Informants indicated that the return of research results is only useful if a number of conditions are fulfilled. First, the results must have been managed in a proper way by the researcher who generated them and sufficient quality control must have been conducted. Without such guarantee, it could be dangerous and misleading to use results from previous research projects. Furthermore, infrastructure needs to be available to store the research results in a proper way and to allow other researchers to access and use them . Finally, clear rules should be defined to decide upon requests for access to such research results. Some informants suggested that different levels of access could be provided to different stakeholders, such as biobanks, funding agencies and future researchers.
Another suggestion brought forward by several informants was to involve the researcher who generated the research results in new research projects. After all, this researcher formulated the initial research hypothesis and developed the research protocol and could thus provide valuable information on how the research results were obtained and how they can be interpreted and used in further research. As some informants pointed out, it could be difficult to correctly interpret research results without the necessary background and knowledge on how the research results were generated. A custodian in Scandinavia made the following remark in this respect:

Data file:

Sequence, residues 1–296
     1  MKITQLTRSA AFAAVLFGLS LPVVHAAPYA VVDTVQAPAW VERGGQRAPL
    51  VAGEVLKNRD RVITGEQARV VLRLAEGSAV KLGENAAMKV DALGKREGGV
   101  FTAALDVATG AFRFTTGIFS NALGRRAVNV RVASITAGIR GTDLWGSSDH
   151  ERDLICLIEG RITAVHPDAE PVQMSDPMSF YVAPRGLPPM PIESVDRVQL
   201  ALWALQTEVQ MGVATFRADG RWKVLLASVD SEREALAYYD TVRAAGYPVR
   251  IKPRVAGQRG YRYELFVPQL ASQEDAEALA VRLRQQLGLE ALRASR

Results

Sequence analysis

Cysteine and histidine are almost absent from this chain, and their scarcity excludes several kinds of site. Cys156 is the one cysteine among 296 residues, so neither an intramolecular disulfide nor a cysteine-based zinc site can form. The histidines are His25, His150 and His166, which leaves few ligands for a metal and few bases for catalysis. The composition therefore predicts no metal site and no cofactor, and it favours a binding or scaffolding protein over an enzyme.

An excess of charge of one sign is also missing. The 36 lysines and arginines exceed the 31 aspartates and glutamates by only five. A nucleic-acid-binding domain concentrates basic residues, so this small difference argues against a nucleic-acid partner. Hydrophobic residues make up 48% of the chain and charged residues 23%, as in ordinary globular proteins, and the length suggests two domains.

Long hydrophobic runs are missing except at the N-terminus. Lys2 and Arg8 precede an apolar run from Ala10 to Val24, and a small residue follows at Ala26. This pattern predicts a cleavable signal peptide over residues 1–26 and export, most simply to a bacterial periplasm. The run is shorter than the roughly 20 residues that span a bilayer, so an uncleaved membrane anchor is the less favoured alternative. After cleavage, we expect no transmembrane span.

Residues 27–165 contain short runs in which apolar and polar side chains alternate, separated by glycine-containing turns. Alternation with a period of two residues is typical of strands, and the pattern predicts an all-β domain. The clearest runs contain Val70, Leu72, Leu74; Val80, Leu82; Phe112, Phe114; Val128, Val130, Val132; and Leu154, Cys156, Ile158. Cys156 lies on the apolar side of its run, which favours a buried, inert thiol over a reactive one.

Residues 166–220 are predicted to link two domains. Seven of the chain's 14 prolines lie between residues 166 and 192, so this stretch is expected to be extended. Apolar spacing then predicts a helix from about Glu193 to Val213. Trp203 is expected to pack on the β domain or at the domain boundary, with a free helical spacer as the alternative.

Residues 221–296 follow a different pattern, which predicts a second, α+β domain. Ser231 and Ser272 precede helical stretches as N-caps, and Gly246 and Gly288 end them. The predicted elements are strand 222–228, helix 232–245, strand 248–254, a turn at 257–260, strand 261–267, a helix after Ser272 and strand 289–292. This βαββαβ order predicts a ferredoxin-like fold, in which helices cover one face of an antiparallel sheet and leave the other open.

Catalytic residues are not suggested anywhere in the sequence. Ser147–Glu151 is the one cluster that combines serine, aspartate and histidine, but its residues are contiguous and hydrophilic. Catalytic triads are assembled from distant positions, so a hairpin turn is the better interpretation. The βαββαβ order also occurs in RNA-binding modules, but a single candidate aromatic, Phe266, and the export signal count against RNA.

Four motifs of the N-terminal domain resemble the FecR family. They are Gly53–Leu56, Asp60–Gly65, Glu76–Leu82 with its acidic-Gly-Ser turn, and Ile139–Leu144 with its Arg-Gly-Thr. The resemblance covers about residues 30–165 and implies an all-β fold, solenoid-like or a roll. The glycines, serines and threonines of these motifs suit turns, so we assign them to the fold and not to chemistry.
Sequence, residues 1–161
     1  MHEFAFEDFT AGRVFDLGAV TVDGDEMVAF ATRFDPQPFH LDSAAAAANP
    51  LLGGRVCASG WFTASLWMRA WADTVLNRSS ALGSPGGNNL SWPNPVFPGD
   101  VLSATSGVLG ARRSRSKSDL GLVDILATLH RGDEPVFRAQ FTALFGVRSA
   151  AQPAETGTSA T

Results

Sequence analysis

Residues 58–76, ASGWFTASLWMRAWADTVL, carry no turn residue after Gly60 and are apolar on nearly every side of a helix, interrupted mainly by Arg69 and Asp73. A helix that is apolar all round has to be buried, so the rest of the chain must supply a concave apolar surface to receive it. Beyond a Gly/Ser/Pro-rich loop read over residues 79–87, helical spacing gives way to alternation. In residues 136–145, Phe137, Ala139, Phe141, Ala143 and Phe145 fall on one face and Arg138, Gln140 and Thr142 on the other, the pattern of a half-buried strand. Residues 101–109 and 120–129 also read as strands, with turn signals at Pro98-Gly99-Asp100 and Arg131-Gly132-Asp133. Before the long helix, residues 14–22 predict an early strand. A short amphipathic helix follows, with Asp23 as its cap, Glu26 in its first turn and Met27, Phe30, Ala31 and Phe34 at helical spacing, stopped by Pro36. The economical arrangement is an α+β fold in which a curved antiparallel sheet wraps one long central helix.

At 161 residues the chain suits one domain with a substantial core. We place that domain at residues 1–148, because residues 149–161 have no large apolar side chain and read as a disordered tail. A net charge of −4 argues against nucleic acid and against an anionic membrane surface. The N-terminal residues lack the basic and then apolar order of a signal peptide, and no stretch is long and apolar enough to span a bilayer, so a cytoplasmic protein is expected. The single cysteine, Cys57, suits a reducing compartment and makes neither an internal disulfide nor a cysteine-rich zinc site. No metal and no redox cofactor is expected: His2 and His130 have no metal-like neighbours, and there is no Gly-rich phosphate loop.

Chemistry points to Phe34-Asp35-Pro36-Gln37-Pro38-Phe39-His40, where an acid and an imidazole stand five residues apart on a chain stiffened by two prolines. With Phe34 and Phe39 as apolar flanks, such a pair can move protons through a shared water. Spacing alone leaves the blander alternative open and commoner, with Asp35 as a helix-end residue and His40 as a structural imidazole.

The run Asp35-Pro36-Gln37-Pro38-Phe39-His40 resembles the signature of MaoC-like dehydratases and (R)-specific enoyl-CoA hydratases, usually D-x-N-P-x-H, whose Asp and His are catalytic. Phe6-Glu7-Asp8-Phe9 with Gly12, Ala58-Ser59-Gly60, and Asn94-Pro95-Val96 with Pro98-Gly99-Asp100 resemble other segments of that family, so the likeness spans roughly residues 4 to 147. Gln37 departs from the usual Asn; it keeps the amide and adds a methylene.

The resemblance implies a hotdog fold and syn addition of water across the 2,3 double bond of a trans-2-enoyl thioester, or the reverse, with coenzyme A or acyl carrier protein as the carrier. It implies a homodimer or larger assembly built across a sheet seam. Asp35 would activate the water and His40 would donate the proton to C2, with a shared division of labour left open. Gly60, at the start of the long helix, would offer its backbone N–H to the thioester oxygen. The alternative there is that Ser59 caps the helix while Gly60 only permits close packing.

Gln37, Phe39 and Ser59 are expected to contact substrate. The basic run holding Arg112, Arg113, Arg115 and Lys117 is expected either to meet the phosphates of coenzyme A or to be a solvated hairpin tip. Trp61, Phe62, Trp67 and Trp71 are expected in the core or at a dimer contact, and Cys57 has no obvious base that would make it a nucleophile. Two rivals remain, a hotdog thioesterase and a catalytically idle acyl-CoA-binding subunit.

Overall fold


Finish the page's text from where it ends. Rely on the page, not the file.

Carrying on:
“Raw data can be so vast and enormous, and unless you understand how to interpret it, itcan be just meaningless”